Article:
830ft+ ft.

Friday, 11/24/2017 – Partial Completion

I mostly followed the reports of Bob Schwab for this county. Before I left home, I prepared an Acme topo map with each of the 16 highpoints flagged with letters from A-P. Following is how each of my labels correspond to the 1-15 used by Schwab (with commentary explaining the 15 vs. 16 count).

Schwab: 1...2…3…4…5…6…7…8…9…10…11…12…(omitted)…13…14…15
Hasch: A..B..C…D...E…F...G…H…I….J….K…..L……..M…..…N…..O….P

Areas Completed This Visit: A…B…C…D…E…F…N…O…P
Areas Still to be Completed: G…H…I…J…K…L…M

Schwab’s initial trip report included a count of 15 contending contours. Another contour was subsequently discovered in the woods in Section 3. Schwab returned to the area and visited this contour, bringing the new count to 16 contours. My plans were to visit all 16 contours, though Schwab subsequently “decommissioned” one contour, which I believe was his Area 10. This brings the “official” count per the Andy Martin Bible to 15.

After the stop at the tri-county intersection, I continued south to the obvious rise in the road across from a large barn and farmhouse to the east. I pulled over on the side of the road. There was some activity at the farm, but no one seemed concerned about my presence. I stepped out of my car and quickly reached Area A(1). It was near the side of the road as described by Bob Schwab. This stop did not take long; I returned to my car and continued south to the next house on the right.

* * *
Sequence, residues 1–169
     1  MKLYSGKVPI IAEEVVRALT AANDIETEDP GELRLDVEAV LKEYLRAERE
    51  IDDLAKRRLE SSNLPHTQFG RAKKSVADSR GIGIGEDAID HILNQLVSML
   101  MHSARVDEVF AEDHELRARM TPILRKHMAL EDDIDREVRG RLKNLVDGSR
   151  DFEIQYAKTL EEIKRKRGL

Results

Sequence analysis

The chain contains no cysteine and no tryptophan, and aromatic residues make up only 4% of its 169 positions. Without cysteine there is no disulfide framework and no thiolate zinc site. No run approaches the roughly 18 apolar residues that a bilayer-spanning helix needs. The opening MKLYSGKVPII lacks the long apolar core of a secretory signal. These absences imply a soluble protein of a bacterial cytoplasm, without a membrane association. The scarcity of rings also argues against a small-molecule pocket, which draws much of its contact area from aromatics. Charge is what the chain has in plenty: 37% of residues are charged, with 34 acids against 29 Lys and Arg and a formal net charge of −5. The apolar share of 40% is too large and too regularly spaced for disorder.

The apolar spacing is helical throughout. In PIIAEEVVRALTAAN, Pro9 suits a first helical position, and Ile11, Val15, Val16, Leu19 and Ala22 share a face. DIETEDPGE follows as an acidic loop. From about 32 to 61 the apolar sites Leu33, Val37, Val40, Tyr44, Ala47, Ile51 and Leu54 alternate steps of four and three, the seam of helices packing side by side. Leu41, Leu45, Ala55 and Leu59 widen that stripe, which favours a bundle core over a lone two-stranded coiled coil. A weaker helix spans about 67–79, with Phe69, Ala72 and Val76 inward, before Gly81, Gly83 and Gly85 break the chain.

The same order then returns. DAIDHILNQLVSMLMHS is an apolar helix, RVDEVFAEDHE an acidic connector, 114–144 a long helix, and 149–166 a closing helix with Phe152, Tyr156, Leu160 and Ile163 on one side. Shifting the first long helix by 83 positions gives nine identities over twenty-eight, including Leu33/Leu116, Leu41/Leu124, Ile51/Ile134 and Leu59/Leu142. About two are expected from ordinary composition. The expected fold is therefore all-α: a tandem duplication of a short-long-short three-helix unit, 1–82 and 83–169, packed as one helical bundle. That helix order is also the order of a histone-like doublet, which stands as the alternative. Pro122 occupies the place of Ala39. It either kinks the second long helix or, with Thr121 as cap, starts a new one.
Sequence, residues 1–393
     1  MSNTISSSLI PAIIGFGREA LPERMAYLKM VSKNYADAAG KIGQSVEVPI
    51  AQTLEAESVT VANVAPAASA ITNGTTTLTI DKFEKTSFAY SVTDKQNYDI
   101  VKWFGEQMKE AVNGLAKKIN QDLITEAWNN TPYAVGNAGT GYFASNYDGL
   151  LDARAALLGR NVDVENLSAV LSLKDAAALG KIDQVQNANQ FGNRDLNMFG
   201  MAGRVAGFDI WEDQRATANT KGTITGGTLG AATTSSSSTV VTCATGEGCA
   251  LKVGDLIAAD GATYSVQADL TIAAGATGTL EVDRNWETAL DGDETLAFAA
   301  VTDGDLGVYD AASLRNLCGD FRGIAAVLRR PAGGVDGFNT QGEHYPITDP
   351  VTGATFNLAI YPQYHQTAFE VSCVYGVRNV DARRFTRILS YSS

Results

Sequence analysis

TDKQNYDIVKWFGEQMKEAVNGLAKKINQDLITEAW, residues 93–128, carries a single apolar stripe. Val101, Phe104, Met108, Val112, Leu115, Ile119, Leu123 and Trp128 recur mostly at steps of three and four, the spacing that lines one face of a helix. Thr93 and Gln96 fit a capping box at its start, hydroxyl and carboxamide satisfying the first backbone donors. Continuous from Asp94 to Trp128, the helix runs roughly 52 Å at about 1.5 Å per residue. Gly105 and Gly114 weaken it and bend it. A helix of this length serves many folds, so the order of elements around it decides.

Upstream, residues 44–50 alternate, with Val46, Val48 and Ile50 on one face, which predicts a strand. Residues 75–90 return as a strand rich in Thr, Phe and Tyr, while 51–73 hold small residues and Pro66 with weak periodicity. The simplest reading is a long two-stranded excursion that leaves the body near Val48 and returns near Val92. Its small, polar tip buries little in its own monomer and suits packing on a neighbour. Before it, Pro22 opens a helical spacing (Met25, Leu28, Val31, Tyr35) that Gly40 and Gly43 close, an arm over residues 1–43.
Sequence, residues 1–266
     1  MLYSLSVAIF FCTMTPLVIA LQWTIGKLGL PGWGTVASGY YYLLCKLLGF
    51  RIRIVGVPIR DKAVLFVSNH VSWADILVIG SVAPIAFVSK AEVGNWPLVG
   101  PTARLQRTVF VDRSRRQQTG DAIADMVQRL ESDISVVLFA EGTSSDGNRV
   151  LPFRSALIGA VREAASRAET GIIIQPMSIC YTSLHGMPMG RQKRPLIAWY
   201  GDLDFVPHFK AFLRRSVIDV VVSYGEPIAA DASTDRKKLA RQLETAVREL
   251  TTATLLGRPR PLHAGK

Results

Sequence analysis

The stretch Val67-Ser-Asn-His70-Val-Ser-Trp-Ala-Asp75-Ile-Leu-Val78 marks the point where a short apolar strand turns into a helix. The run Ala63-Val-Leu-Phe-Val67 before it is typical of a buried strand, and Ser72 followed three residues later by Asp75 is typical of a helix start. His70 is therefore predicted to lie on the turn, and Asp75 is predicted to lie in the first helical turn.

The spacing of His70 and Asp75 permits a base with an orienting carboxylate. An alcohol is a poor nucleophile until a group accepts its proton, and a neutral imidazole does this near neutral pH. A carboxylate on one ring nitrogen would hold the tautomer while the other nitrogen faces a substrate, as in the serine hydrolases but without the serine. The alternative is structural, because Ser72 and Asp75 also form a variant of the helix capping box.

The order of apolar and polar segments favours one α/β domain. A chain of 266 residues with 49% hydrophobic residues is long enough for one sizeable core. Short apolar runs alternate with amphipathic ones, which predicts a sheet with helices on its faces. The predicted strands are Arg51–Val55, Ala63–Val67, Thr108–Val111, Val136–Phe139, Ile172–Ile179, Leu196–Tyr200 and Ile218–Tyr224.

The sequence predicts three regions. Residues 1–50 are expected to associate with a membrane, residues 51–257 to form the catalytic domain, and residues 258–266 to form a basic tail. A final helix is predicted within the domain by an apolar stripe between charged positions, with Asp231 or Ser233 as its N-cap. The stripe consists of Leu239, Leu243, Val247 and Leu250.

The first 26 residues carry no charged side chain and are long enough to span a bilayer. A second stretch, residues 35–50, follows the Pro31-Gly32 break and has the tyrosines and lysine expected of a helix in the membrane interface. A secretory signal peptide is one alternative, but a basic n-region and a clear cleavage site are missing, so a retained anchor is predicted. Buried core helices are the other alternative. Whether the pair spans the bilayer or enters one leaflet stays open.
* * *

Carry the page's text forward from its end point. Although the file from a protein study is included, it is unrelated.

As I arrived at the house, I noted the ground sloping up in elevation. I pulled off the side of the road just past the house and climbed a small embankment. From here, I could see that the house itself appeared to be near the highest ground, with a slight rise on the south side. There were several large trees in the area, and the base of one of the trees appeared to be growing at the highest elevation. I walked over to the tree to tag this ground and satisfy myself that I had visited Area B(2). No one was home here, so I returned to my car without encountering anyone.

I continued south to a dead end, and I turned right on CR900N as I followed Schwab’s report. After a mile, I came to CR1000E to my left, and a field entrance to my right. The field of soybeans was being harvested as I arrived, and there was a semi-truck receiving harvested beans at that moment. I noted only one tractor harvesting the beans, but the tractor had already cleared a wide path to the woods. I saw a man at the semi-truck, so I walked over and explained my desires. He was not the owner or boss, but he thought it would be okay for me to carefully cross the field to the woods.

I grabbed my orange shirt and tied it around my neck. This would serve two purposes: first, it would be visible to the tractor driver as he continued his work in the field. Second, it would add some visibility to me in case there were any hunters in the woods. I did not hear any gunshots, but I wanted to be careful.